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Marigold : The Lost Chance for Peace in Vietnam

By: Hershberg, James.
Material type: TextTextSeries: eBooks on Demand.Cold War International History Project: Publisher: Palo Alto : Stanford University Press, 2012Description: 1 online resource (936 p.).ISBN: 9780804783880.Subject(s): United States -- Foreign relations -- 1963-1969 | Vietnam War, 1961-1975 -- Diplomatic history | Vietnam War, 1961-1975 -- PeaceGenre/Form: Electronic books.Additional physical formats: Print version:: Marigold : The Lost Chance for Peace in VietnamDDC classification: 959.704/31 | 959.7043 | 959.70431 Online resources: Click here to view this ebook.
Contents:
Contents; Maps and Photographs; Introduction; A Note on Names and Terminology; Abbreviations Used in the Text; Prologue: Mission Impossible? "Operation Lumbago" and LBJ's Thirty-Seven-Day Bombing Pause, December 1965-January 1966; Chapter 1: Ðông Chí Lewandowski's Secret Mission: The Players Take Their Places, February- June 1966; Chapter 2: "Could It Really Be Peace?" Marigold's "Devious Channels"-Act One: July 1966; Chapter 3: Intermezzo: August to October 1966-A "Mosaic of Indiscretions and Rumors""; Chapter 4: "A Nerve-Eating Business": Marigold Blossoms-Act Two: November 1966
Chapter 5: "Something Big Has Happened": Toward the Warsaw Meeting, December 1-5, 1966Chapter 6: Informing the North Vietnamese Ambassador in Warsaw: Nguyen Dinh Phuong's Marigold Mystery Tour; Chapter 7: "It Is Pity": Waiting for Gronouski-December 6, 1966; Chapter 8: "It Looked as If We Could Move Forward": Marigold in Suspense, December 7-13, 1966; Chapter 9: "The Americans Have Gone Mad": Bombing Hanoi Again, December 13/14-18, 1966; Chapter 10: "The Christmas Present": Marigold's Last Gasp, and First Leaks, December 19-24, 1966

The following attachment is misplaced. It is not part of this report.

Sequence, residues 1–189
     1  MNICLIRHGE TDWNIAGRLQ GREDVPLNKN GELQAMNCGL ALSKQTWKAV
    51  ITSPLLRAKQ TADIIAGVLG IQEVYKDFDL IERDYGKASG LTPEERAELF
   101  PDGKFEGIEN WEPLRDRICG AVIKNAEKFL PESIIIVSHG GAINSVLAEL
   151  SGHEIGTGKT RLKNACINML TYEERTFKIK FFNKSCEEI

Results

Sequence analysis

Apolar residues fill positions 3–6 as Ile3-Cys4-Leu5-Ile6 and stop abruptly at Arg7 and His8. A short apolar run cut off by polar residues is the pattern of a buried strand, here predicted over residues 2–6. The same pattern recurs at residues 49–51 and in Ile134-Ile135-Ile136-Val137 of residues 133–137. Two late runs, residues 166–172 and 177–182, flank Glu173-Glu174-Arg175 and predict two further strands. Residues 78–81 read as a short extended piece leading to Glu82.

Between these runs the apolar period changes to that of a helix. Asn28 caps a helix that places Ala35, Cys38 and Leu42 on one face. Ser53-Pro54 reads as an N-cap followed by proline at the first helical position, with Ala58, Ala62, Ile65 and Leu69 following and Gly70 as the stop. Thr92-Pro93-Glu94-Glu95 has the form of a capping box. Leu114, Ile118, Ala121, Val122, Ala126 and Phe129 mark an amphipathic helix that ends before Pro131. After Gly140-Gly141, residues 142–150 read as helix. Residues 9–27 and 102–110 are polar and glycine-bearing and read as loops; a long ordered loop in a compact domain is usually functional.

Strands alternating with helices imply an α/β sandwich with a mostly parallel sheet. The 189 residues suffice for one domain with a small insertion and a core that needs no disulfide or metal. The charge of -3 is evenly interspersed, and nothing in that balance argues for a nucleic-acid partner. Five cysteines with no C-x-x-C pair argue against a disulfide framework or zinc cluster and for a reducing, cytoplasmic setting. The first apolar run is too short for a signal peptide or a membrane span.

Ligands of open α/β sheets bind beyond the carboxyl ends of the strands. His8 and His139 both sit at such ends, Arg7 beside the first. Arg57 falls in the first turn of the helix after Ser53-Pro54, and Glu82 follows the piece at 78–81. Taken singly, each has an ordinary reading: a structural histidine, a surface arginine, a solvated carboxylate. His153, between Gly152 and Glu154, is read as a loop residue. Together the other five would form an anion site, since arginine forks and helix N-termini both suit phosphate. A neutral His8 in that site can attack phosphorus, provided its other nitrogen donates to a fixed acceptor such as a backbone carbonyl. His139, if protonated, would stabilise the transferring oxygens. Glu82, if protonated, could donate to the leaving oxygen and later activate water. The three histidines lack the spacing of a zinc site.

Chapter 11: "The Ultimate Reply": The End of the Affair, December 25-31, 1966Chapter 12: Secret Spats: Talking and Fighting, January 1967; Chapter 13: "A Sunburst of Recriminations": Riders on the Storm, February-June 1967; Chapter 14: The Long Year Wanes: D'Orlandi, Lodge, and Lewandowski Leave Vietnam, March-June 1967; Chapter 15: "You Will Never Get the Inside Story": The Secret Search for The Secret Search for Peace in Vietnam, May 1967-March 1968; Chapter 16: Sequels, Revivals, Regrets: Marigold's Echoes during LBJ's Last Year, February 1968-January 1969
Epilogue: "A Lot More Dead Young Soldiers"-Last Words, and the Battle for HistoryAcknowledgments; A Note on Sources; Notes; Selected Bibliography; About the Author; Index
Summary: Marigold presents the first rigorously documented, in-depth story of one of the Vietnam War's last great mysteries: the secret Polish-Italian peace initiative, codenamed ""Marigold,"" that sought to end the war, or at least to open direct talks between Washington and Hanoi, in 1966. The initiative failed, the war dragged on for another seven years, and this episode sank into history as an unresolved controversy. Antiwar critics claimed Johnson had bungled (or, worse, deliberately sabotaged) a breakthrough by bombing Hanoi on the eve of a planned historic secret US-North Vietnamese